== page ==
For children in Romania today, their basic education, the knowledge they acquire school and the environment in which they grow up are crucial for creating their future life options.
The quality of education received before the age of 15 determines children’s life trajectory.
According to PISA’s 2012 international survey, Romanian students are the least motivated of all students of the 65 countries analyzed.
Other recent international studies demonstrate that Romania’s education system ranks towards the bottom of both European and global rankings.
Among students who remain in school through the 12th grade, only 56% passed the national high school graduation exam (Bacalaureat) last year (2013)
The figures above, as well as others published in recent years, demonstrate that Romania suffers from an overall lack of quality education as well as an inequality of access.
The causes of the aforementioned results are complex and varied, but there are three underlying key factors:
The low level of parents’ education and their limited involvement in their children’s schooling generate a vicious circle: children from disadvantaged schools become parents with low education who cannot help their own children succeed and surpass the limits imposed upon them by their environment.
This reality prevents parents from helping and supporting their children with homework and from instilling the value and importance of a good education.
These parents often cannot effectively interact with their children’s teachers. They also find it more difficult to keep their children in school and to forgo the incremental income or household support that come with keeping their children out of school.
Although school in Romania is free, an average family spends approximately €400 per student on school uniforms, materials and other school-related costs. This can make school prohibitively expensive for certain families. Often, children are asked to work alongside their studies in order to contribute to covering household and school costs. This reduces the time available for learning and individual preparation and can ultimately lead to parents removing their children from school.
The teaching profession has become a last option for top Romanian graduates. Teacher salaries in Romania are among the lowest (as a percentage of average income) of all countries participating in the 2012 PISA survey. This reality is confirmed by the fact that more than 50% of those who took the 2013 national teacher certification exam did not achieve a grade above seven, the minimum required for access to permanent teaching positions.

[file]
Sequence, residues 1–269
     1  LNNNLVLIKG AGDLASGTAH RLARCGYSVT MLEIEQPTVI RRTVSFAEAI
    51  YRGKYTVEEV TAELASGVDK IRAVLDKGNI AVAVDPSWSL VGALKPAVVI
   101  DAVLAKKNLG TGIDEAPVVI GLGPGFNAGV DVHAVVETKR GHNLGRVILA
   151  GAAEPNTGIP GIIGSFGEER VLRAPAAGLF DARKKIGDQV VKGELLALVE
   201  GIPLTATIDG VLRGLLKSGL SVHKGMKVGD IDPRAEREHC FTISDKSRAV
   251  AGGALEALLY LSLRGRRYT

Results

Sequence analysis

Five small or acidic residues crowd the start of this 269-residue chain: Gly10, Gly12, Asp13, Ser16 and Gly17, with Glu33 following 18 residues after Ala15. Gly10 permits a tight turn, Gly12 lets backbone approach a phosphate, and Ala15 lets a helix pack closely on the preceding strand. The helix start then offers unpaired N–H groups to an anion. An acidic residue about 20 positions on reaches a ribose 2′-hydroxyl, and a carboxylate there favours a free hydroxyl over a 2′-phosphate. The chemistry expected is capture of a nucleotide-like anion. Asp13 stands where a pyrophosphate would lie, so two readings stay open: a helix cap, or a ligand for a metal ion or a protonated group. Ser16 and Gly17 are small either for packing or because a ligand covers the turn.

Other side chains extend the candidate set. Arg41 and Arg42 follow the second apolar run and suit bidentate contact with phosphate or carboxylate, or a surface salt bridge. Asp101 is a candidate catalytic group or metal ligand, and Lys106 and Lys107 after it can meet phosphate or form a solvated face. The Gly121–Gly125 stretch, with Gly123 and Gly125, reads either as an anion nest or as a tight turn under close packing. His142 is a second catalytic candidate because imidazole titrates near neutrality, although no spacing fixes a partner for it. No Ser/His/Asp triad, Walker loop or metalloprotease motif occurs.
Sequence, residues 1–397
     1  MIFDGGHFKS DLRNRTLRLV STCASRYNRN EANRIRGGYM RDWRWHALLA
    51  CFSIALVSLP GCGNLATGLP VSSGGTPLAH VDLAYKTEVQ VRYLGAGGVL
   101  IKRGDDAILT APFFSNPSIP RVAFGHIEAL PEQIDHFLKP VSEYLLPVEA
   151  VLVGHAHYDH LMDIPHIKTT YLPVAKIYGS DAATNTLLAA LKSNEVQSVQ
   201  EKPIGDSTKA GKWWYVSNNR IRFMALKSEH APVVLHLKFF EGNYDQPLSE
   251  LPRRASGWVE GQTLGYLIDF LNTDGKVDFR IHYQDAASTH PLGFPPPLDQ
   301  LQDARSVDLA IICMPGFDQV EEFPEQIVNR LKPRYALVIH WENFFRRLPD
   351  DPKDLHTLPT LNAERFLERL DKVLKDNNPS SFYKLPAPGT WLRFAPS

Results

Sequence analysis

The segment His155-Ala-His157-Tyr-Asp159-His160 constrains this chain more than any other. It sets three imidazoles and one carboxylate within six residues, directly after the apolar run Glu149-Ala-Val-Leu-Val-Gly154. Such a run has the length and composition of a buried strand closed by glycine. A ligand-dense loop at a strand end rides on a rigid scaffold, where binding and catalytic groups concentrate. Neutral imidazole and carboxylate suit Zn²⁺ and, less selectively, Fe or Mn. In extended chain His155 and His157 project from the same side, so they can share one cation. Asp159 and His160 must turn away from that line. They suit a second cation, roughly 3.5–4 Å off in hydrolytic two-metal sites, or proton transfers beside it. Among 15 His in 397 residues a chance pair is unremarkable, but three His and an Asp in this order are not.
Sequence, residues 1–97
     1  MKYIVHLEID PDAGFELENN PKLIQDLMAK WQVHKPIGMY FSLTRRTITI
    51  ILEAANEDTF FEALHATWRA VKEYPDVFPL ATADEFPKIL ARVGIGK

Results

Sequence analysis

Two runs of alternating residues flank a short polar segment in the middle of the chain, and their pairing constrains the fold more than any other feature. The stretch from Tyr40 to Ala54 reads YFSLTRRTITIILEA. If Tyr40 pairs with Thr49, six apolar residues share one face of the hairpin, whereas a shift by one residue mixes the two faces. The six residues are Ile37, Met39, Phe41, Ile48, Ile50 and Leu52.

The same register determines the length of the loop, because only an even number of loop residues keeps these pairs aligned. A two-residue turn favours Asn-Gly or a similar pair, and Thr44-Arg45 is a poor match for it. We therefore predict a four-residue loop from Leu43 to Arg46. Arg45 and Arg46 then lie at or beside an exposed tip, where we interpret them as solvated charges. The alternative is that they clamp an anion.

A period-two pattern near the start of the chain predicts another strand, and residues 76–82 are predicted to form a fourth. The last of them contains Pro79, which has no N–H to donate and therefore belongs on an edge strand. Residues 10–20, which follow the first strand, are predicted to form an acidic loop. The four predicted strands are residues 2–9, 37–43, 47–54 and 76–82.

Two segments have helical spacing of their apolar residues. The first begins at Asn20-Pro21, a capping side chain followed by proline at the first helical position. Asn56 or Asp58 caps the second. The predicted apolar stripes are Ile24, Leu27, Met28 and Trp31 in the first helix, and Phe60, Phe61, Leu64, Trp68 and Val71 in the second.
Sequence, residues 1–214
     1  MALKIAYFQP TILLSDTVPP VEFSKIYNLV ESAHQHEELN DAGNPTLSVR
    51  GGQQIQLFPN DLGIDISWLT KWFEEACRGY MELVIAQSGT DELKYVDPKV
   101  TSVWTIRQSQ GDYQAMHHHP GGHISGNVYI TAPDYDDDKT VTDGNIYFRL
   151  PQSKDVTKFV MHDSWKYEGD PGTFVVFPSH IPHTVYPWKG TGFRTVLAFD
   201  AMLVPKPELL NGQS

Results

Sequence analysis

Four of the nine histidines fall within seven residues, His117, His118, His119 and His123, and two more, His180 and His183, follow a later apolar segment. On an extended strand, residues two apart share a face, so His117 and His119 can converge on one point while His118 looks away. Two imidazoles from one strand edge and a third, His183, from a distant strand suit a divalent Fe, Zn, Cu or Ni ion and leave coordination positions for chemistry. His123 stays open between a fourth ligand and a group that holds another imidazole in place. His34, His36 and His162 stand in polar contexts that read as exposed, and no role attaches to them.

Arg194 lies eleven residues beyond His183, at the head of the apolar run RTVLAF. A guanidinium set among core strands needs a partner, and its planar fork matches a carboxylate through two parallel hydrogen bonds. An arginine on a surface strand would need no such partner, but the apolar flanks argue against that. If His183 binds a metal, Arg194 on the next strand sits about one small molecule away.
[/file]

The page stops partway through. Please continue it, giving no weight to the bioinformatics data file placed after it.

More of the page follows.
The situation is even more critical in disadvantaged communities as the best teachers tend to avoid the schools in these communities. Of teachers who do end up in such schools, very few demonstrate authentic interest and motivation for student preparation and development. Many are focused instead on trying to relocate to more prestigious schools.
Together these factors lead to a limited interest in working with difficult or challenging children.
Those teachers who end up teaching in vulnerable schools are affected by the lack of adequate training to manage students in such classes and communities. Their training in the psycho-pedagogical module is focused more on providing teachers with methods to address students in general, not students or who face social and family difficulties.
Romanian teachers today rarely serve as role models for their students. As a result, students tend to seek role models outside the classroom (often choosing people who have accumulated wealth without academic excellence). Teacher-student relationships tend to become exclusively formal and are rarely based on trust or on an understanding of the benefits of attaining a good education. Consequently, students become demotivated and fail to understand the role education can play in their personal and professional lives.
Romanian teachers’ expectations of “problem” students are usually low, with a focus on keeping students in the classroom rather than on improving academic performance. Faced with such low expectations, students see no reason to make an effort to study or to even attend classes. They thus face an increased risk of dropping out before finishing their studies.
Discrimination against disadvantaged students (e.g. Roma, rural students) often leads to de facto segregation caused by “white flight,” non-Roma parents removing their children from Roma schools or explicit segregation by creating separate classes for Roma students or assigning them to special education classes. Ultimately, underperforming students come predominantly from families affected by poverty with limited experience with formal education. Rather than counter these problems, the Romanian education system tends to exacerbate them, reinforcing stereotypes and augmenting inequalities.